Oil Painting for Beginners: Grayscale Oil Painting Demo

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Oil painting for beginners must be simplified and clear in order to succeed. Read more to find out how Evolve is training their students with strong foundations!


Oil painting for beginners requires a clear, structured approach. In this grayscale oil painting demo, we will show you how to simplify your thinking and approach a beginner painting the Evolve way.

Here at Evolve, we teach our students how to paint with a careful, methodical set of rules. This means that the foundations they learn here are steady and solid, and can easily be built upon.

Follow along below for a glimpse into a Block 2, step-by-step grayscale oil painting and learn how to paint like an Evolve student!

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This reference from Block 2 in the Evolve program requires students to carefully consider values, edge, and technique. Follow along as we walk through how to paint this picture! 

Assess Values

In order to learn oil painting for beginners, students require a solid education in value. Without correctly placed values, the painting will never succeed. 

So at Evolve, our first step in any painting is to determine what is a light and what is a shadow. By looking at our reference and understanding that the light is coming down from the upper left, we can easily determine light and shadow. 

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Identifying light and shadow is the first step to any painting.

Understanding how to assign value is a crucial part of being an artist. If you want to learn more, check out this blog post for a beginner’s guide to assigning value.

Paint in the Shadows

For the first painting step, we will place all of our extreme shadows and moderate shadows. When learning how to oil paint, Evolve students only use four values. This helps to keep things simple as they learn.

So we need to find our darkest shadow in the entire painting. I see it as the cast shadows on the table top, from the mushroom and cone.

Now we need to find our lightest shadow. This must be a shadow value, not a dark light! Looking carefully, I think that the shadow on the mushroom cap is the lightest shadow. 

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Assigning shadow values.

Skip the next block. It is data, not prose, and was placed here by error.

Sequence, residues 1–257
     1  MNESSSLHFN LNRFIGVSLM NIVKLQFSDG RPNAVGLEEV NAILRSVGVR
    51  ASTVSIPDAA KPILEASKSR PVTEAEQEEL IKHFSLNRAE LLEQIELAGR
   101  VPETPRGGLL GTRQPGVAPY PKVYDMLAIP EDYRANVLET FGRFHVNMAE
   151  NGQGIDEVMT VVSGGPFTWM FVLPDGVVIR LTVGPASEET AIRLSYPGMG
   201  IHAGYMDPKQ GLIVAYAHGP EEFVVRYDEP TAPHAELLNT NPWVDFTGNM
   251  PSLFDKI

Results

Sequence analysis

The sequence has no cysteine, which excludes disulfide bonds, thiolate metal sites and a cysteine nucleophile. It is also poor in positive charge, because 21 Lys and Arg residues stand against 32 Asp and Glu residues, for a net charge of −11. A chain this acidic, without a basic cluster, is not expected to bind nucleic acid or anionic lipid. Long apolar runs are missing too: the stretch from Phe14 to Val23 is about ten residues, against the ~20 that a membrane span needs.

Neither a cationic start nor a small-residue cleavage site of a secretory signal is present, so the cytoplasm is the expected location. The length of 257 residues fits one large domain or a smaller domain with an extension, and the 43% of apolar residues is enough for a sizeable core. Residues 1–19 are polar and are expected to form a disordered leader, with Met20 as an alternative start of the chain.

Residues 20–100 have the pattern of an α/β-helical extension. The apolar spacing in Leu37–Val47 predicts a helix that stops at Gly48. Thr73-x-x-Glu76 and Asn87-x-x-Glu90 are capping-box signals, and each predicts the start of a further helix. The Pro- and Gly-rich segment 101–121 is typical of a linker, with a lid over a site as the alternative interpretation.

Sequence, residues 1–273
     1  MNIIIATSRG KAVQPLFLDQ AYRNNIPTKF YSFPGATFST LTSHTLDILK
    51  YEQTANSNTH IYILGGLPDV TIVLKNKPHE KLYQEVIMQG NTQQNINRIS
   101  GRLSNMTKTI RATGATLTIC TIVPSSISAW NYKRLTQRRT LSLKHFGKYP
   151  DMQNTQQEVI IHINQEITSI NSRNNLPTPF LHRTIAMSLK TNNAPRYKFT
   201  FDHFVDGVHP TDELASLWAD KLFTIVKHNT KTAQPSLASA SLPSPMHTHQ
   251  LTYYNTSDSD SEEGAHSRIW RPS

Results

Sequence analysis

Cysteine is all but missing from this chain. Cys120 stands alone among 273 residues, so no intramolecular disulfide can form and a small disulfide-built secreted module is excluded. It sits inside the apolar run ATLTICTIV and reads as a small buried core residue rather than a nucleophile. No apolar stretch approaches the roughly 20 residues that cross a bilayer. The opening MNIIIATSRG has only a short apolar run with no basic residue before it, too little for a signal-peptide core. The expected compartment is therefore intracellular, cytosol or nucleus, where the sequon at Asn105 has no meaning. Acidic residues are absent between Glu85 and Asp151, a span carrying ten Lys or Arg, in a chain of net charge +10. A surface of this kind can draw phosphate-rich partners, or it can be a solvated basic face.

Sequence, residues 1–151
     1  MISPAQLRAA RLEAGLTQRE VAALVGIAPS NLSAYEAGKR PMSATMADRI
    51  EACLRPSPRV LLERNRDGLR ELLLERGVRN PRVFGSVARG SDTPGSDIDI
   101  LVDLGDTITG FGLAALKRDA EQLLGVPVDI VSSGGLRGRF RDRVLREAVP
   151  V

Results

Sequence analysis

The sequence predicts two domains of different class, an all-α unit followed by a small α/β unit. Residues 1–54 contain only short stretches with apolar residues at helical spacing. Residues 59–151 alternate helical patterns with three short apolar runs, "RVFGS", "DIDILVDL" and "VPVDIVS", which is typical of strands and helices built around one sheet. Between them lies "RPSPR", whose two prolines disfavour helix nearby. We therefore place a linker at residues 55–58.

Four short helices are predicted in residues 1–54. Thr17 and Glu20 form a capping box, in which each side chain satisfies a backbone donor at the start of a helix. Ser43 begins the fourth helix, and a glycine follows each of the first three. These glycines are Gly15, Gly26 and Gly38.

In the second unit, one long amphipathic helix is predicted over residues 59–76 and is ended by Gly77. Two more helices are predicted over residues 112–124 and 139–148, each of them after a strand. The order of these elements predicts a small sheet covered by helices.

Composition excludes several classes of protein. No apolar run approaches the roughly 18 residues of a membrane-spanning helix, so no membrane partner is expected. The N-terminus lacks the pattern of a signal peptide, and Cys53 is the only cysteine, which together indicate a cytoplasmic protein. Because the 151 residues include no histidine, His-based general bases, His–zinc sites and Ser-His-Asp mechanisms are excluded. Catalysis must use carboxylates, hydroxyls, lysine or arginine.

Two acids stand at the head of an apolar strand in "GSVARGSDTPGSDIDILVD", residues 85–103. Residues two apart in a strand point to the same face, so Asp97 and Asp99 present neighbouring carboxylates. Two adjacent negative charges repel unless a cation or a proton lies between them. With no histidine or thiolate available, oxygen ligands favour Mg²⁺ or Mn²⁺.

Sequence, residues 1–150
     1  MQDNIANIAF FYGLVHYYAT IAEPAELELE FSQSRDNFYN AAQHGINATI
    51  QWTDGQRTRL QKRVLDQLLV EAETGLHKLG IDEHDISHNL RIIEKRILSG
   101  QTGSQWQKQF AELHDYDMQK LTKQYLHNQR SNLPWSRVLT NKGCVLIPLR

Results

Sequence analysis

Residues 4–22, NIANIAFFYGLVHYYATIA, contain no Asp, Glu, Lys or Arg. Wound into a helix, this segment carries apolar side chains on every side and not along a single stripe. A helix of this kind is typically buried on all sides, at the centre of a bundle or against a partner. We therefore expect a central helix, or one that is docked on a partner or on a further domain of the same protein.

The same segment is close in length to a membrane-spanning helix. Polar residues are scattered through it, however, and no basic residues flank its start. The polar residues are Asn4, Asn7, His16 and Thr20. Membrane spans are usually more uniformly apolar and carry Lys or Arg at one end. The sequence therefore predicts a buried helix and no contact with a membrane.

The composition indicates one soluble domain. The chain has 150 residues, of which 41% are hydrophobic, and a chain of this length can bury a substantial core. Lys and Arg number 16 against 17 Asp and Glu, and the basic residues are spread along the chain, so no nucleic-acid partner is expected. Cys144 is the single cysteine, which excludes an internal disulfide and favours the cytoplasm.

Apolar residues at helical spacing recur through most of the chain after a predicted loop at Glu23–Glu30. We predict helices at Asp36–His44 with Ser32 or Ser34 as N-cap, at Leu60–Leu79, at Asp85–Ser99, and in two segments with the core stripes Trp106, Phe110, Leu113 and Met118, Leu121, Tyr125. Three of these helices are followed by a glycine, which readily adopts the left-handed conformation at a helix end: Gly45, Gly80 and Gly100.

Now that we have our parameters for shadows, we compare every other shadow to both extreme and moderate and assign them one of those two values, depending on which one they are closest to in value.

Then we can paint in the shadows with full confidence!

Paint in the Lights

Next, we follow the same path for our lights. First, we find the lightest light, which I think is the light on the mushroom’s stem. Then we find the darkest light, which is the light on the center of the cone.

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Placing the extreme and moderate lights. 

Once all the light values have been given a moderate or an extreme category, we can carefully paint them in.

As we paint, we are keeping tabs on where gradients will eventually be placed, but laying down sharp edges for now.

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After the values are in place, the students take care of edges. 


Next, we refine our edges, placing gradients where form shadows are, and sharp edges where cast shadows exist.

Gradients are a very important part of the painting. They explain light and form. If they appear sharp or harsh, they won’t read as a seamless fade from light to dark.

Once gradients are in place, we can address our cast shadows and sharp edges. Sharp edges must be razor sharp in order to be effective. They explain a cast shadow or an outer edge of an object.

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The final step in a beginning painting is to place any reflections or highlights and then paint in the background to finish the painting!

Finishing Details

The next step in this level of painting is to place highlights and reflections.

In this fairly simple painting, there aren’t too many of either. The biggest is beneath the mushroom cap. So there, we will add a little reflection in to lighten the center and create the illusion of a darker shadow directly beneath the mushroom cap.

It is important to remember that a reflection is a shadow value, so at this point in the student’s education, it must stay darker than even the darkest light.

There are a few areas we could add a highlight to, perhaps in the cone and the mushroom cap.

These details will only be successful if the first steps are done correctly. If values are misplaced and edges incorrect, no number of beautiful reflections and highlights will improve the painting.

Once these are carefully placed, we can move into the final step of placing the background, being careful not to reshape any objects. This final step sharpens edges and brings the painting to a finished state.

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An example of a finished painting by Evolve student, Marta L


This is a simple approach to categorizing value and carefully painting at a beginner level. As confidence and technique improve, more moving parts are added. Color, color shadows, and other techniques will eventually be added to elevate the paintings even more.

But oil painting for beginners requires you to keep things simple at first in order to develop a strong foundation for your artwork!

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